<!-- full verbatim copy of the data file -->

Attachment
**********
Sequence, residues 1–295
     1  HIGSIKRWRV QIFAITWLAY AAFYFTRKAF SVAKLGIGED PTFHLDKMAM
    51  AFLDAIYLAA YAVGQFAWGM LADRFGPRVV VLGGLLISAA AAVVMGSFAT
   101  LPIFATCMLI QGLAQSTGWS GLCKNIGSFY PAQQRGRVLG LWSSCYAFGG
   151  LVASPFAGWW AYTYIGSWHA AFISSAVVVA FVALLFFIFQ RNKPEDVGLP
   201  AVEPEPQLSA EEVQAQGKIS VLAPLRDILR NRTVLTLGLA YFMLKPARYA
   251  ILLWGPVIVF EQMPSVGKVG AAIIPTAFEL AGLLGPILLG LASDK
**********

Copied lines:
Sequence, residues 1–295
     1  HIGSIKRWRV QIFAITWLAY AAFYFTRKAF SVAKLGIGED PTFHLDKMAM
    51  AFLDAIYLAA YAVGQFAWGM LADRFGPRVV VLGGLLISAA AAVVMGSFAT
   101  LPIFATCMLI QGLAQSTGWS GLCKNIGSFY PAQQRGRVLG LWSSCYAFGG
   151  LVASPFAGWW AYTYIGSWHA AFISSAVVVA FVALLFFIFQ RNKPEDVGLP
   201  AVEPEPQLSA EEVQAQGKIS VLAPLRDILR NRTVLTLGLA YFMLKPARYA
   251  ILLWGPVIVF EQMPSVGKVG AAIIPTAFEL AGLLGPILLG LASDK